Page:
AEA365 | A Tip-a-Day by and for Evaluators

Dec/14

21

Roxann Lamar on Culturally Responsive Terminology

My name is Roxann Lamar and I work in research and evaluation at the Center for Human Development, University of Alaska Anchorage. Our local AEA chapter, the Alaska Evaluation Network (AKEN) hosted a discussion on cultural competence, particularly relevant toNative cultures. About 19% of Alaskans have all or partial Native heritage.

The AEA’s statement on cultural competence in evaluation is comprehensive, covering a multitude of issues involved in working together in a diverse world. What is presented here is a perspective to think about – how people might respond to thelanguage we choose to use– not that any languageis universally right or wrong.

Lesson Learned: Our event was called, “Cultural Competence in Evaluation.” Our panel of cross-cultural experts included persons of DegXit’an Athabascan, Gwich’in Athabascan, Navajo, and non-Native heritage. All had a lifetime of personal and professional experience with cultures indigenous to Alaska. They reminded usat the startthat the words we use are important and informed us they found the term “cultural competence” to be distasteful. Theyhighly encouraged us to use the term “cultural humility” and noted it is not a new idea.They also suggested“cultural relevance” as an acceptable alternative that makes more sense in some contexts.

Our panelists explained the problem with“competence”is that it implies we will reach a point where we can say,“We areculturally competent.”That is what is inferredwhen people go to a workshop for a certain number of hoursand earn a certificate in cultural competence.Our panelists pointed out that these trainings oftendo more harm than good. For example, focusing on characteristics of specific cultures inadvertently encourages stereotyping.The panel’s audience was intrigued, and discussions among colleagues continued long after the event.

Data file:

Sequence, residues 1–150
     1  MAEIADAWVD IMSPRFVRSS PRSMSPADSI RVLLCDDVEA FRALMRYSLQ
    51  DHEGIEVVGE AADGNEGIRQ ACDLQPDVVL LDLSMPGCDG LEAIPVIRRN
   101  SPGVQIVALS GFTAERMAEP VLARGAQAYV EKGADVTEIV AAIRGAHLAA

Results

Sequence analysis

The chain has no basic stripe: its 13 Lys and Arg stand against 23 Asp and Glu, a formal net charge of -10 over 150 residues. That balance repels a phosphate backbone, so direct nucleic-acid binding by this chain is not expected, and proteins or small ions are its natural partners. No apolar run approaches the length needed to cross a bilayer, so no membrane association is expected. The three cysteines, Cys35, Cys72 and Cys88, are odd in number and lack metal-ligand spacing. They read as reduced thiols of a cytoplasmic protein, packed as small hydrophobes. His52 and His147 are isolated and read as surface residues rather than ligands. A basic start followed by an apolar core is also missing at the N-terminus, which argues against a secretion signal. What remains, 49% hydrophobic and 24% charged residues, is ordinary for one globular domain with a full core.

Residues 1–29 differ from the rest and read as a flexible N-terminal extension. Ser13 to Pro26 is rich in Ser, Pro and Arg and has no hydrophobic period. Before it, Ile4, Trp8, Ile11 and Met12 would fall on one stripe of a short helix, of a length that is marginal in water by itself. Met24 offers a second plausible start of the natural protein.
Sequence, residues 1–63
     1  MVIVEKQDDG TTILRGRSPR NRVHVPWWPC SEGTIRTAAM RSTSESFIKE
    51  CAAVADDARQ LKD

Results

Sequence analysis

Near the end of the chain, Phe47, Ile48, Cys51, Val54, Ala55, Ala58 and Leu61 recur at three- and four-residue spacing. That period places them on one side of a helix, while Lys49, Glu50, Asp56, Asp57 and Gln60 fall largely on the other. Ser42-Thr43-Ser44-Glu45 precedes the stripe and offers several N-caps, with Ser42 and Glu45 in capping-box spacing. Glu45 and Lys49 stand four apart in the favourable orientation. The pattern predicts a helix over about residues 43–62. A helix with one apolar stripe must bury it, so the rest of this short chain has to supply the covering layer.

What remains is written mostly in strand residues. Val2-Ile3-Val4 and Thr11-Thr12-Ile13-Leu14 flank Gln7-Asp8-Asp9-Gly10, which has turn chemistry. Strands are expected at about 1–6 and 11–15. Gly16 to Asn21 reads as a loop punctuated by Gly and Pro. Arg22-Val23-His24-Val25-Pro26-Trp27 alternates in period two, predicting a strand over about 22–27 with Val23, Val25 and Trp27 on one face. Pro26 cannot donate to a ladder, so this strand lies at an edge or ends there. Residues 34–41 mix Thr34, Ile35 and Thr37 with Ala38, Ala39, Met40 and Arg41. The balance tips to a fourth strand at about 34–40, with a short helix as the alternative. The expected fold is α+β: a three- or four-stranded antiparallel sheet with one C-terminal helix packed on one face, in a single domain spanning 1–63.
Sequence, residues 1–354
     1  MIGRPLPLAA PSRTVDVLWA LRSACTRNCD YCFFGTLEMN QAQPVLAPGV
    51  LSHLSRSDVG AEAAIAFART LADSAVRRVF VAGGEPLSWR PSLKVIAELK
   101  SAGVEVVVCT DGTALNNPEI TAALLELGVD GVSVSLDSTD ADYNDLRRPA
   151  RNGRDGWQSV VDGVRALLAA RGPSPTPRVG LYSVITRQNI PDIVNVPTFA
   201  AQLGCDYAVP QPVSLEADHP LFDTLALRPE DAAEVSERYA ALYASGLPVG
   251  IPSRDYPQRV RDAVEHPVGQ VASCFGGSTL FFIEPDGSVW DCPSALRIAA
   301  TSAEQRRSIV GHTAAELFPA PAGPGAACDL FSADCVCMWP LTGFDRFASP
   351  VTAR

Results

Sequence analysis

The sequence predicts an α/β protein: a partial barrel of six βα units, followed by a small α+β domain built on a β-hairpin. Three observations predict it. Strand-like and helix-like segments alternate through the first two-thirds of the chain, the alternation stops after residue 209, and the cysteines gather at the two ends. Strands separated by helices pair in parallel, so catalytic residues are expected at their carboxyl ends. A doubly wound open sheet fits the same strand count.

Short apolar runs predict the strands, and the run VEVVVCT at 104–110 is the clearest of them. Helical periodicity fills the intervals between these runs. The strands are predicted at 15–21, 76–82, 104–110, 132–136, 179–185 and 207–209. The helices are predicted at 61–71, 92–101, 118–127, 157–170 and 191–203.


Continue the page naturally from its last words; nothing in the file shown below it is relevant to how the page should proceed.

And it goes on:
Hot Tip: In many places or contexts, a term like “cultural humility” is a respectful choice. Without a lot of explanation it conveys a humble posture of learning about self and others. It implies openness, equity, and flexibility in working with anyone.

Rad Resource: With a little looking around, I found Cultural Humility: People, Principles, & Practices. This is a 30-minute, 4-part documentary by Vivian Chávez (2012). It is focused on relationships between physicians and patients, but the principles can beappliedin other applications.

Do you have questions, concerns, kudos, or content to extend this aea365 contribution? Please add them in the comments section for this post on the aea365 webpage so that we may enrich our community of practice. Would you like to submit an aea365 Tip? Please send a note of interest to aea365@eval.org .aea365 is sponsored by the American Evaluation Association and provides a Tip-a-Day by and for evaluators.

2 comments

  • Chad Green · December 22, 2014 at 12:11 pm

    Roxann, thanks for sharing.

    The notion of cultural humility makes perfect sense to me. As a returned Peace Corps volunteer (Latvia, 1994-96), I went to Latvia thinking that I would change the world; in the end, it changed me profoundly. The virtue of humility is the best word to describe it.

    Best,
    Chad

    Reply

    • John Poupart · December 26, 2014 at 7:11 pm

      I have worked with and at the issue of Cultural Competence” for over 20 years, and am still in the infant stages of coming up with clear meaning for this term and its usage. I am at the point of throwing it away. You give me an opportunity to ask a question that needs definition. What is the gap called that exists between Native culture and mainstream society. On one side of the parallel is what we call the thesis and on the other side is the antithesis. Is the place in the middle called the synthesis? Sociologically and psychologically, do we have a term we used that more appropriately describes the synthesis of the two worlds?

      Reply

Leave a Reply

<<

>>

Archives

To top